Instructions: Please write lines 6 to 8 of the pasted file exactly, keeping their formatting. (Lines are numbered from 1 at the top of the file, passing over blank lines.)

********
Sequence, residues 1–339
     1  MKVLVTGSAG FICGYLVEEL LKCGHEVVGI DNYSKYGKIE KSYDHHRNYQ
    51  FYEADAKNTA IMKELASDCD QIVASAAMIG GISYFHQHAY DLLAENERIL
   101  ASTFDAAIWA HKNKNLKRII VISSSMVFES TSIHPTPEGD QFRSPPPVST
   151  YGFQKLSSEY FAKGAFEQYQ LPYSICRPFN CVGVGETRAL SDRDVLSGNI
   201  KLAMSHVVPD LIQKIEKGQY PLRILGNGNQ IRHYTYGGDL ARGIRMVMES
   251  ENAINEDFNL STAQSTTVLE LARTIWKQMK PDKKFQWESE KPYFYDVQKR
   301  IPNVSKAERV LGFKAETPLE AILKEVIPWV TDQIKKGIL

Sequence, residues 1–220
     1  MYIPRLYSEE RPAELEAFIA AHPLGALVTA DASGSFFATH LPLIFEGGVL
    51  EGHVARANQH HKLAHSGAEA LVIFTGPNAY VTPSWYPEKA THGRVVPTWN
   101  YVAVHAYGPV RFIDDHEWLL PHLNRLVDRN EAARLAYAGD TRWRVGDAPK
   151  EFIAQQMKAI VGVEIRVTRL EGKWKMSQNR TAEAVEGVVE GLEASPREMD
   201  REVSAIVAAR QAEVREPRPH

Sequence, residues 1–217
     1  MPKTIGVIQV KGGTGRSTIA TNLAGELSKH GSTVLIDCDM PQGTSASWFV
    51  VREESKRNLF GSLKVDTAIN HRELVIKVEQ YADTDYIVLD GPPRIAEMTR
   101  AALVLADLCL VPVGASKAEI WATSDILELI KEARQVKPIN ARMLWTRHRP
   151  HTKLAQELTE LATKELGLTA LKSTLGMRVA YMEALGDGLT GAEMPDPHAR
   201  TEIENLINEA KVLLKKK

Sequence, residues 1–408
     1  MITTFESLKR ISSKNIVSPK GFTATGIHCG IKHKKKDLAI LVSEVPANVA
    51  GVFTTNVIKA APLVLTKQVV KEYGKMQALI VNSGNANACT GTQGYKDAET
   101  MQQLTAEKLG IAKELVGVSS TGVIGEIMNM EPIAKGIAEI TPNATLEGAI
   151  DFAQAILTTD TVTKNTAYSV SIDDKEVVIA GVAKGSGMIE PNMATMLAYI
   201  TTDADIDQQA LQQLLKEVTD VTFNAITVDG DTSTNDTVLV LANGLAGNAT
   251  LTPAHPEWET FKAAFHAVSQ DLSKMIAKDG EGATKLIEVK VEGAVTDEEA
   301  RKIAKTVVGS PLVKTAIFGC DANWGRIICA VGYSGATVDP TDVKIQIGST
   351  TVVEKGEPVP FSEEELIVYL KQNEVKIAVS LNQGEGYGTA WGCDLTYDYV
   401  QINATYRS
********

   201  KLAMSHVVPD LIQKIEKGQY PLRILGNGNQ IRHYTYGGDL ARGIRMVMES
   251  ENAINEDFNL STAQSTTVLE LARTIWKQMK PDKKFQWESE KPYFYDVQKR
   301  IPNVSKAERV LGFKAETPLE AILKEVIPWV TDQIKKGIL